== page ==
Often, message documentation is maintained in Excel or Word. However, neither is specifically...
How to Set up a Proper Validation Logic for B2B Data Interchange
Setting up message validation logic is a burden. Specifying and fine-tuning logic with required constraints can take weeks, especially when your interchange is based on cross-industry standards like EDIFACT or UBL. For example, a validation artifact (Schematron) for a UBL invoice message, covering the requirements of the EU eInvoicing Directive, includes around 1000 test assertions.
Detailed low-speed work is expensive, and naturally, you want to try and cut back on costs. Rushing with validation logic can backfire badly, though. You might end up wondering how on Earth it is possible that you constantly have quality issues. Somehow, erroneous data pass your validation. Why?
The following tips help you to set up a proper validation logic with more ease.
Do Not Embed Validation Logic Into Application Code
When validation logic is embedded in an application or a mapping tool, manual coding is usually involved. It means maintenance, updates, general mastering of the code, read: extremely high costs, and person dependence.
Updating embedded validation logic requires retesting the application as well. It is also difficult to reuse your code. Consider separating the validation and application logic into their own entities. This will enable an easier and faster update, independent of application updates, and the possibility to apply the logic to other use cases. If at some point desired, this also facilitates the update or switch of application.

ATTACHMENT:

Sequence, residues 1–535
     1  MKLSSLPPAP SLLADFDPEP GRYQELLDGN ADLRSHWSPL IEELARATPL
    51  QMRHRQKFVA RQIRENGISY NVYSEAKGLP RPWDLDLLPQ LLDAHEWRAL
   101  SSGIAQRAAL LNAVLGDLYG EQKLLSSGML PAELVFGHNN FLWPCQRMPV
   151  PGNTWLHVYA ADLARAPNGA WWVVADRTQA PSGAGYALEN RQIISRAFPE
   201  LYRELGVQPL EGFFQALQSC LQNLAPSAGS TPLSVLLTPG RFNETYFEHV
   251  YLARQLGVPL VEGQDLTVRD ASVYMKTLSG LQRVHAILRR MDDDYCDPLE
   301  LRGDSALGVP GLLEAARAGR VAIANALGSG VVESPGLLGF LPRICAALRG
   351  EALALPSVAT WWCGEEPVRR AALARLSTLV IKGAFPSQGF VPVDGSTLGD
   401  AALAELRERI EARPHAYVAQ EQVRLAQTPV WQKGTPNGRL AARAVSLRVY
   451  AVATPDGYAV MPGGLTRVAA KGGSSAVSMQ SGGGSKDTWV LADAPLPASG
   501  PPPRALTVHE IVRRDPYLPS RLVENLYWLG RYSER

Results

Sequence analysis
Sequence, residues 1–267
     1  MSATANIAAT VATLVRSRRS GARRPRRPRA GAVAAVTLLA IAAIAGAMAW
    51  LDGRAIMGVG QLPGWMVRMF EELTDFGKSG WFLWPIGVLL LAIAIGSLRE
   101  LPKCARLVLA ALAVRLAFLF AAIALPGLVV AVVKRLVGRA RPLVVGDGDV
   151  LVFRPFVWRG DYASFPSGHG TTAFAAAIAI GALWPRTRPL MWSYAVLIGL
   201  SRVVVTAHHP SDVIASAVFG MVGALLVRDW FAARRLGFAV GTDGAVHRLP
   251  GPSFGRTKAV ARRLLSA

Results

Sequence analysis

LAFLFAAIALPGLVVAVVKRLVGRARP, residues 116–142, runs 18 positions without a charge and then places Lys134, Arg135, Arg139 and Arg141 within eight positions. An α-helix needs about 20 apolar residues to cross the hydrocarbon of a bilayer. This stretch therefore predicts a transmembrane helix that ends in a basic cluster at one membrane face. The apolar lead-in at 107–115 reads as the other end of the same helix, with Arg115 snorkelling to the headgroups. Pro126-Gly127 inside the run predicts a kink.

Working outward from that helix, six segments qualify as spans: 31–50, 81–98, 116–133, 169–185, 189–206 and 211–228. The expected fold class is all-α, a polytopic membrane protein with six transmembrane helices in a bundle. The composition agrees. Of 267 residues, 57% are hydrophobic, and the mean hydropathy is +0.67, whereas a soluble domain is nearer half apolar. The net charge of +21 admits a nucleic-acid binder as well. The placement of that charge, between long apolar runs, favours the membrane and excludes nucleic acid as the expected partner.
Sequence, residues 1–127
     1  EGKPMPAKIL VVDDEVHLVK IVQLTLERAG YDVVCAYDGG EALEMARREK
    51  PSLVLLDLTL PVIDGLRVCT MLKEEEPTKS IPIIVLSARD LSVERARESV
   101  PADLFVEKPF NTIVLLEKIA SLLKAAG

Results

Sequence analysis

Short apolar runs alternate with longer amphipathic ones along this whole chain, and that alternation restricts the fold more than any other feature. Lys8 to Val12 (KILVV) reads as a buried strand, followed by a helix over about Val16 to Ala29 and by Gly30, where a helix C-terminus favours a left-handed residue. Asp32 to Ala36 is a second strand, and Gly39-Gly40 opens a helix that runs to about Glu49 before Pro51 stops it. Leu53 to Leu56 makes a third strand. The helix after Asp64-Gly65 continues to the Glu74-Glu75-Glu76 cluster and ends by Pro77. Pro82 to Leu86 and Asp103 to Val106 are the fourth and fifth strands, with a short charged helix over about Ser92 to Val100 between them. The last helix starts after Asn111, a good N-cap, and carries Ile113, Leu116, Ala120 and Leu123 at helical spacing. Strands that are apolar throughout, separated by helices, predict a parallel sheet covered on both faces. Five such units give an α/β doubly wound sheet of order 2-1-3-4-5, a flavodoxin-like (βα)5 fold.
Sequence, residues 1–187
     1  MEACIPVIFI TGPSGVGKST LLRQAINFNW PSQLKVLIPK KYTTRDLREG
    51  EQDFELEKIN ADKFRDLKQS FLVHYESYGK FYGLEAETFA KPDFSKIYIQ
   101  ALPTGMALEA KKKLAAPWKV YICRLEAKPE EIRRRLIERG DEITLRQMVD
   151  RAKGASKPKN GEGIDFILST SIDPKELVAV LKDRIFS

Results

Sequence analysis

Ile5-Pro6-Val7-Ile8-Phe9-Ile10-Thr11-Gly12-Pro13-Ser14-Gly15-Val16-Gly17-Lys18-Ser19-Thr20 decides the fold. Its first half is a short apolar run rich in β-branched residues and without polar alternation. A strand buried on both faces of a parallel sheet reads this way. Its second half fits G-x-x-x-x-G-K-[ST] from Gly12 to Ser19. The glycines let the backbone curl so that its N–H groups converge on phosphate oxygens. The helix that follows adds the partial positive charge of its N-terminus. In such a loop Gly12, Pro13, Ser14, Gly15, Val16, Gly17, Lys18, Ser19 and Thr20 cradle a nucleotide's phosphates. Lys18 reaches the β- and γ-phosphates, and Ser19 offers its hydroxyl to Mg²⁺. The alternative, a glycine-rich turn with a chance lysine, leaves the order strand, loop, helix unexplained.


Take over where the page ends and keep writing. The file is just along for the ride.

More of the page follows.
Get Proper Tools to Auto-Generate the Validation Logic
It is an endless task to manually code the validation logic, so make sure you have access to a visual UI that helps you to set up most requirements using a no-code/low-code editor. Automatically generated validation logic is much easier to manage and modify than a manually written one. At best, the same tool is shared with multiple teams, which helps to unify the implementation of validation rules. Centralizing them in a shared environment enables full transparency.
Make Sure You Can Reuse the Existing Validation Logic
It may seem impossible to reuse validation logic for individual messages because they just are “so different”. But actually, there are quite a few general conditions that they need to pass, like your business rules. Also, some case-specific conditions might occur in more than one message. Aim for a situation where you are able to copy-paste or import chunks of your validation logic from one validator to the other to speed things up.
The Validation Logic Is Only as Good as Your Documentation
Message implementation Guidelines (MIG’s) are often inaccurate. Creating and maintaining your validation logic can feel like a never-ending task – time and time again updating validation rules. It is never just one iteration. And in the worst case, every change in validation rules leads to an application update.
Generate the documentation and the validation logic from the same source code with the same tool to remove the iteration need. It will considerably cut down your workload. You will save time and effort, and cut down unnecessary stress on yourself and your team of experts.
Learn more about Truugo Subset Editors https://www.truugo.com/en/subset_editor/
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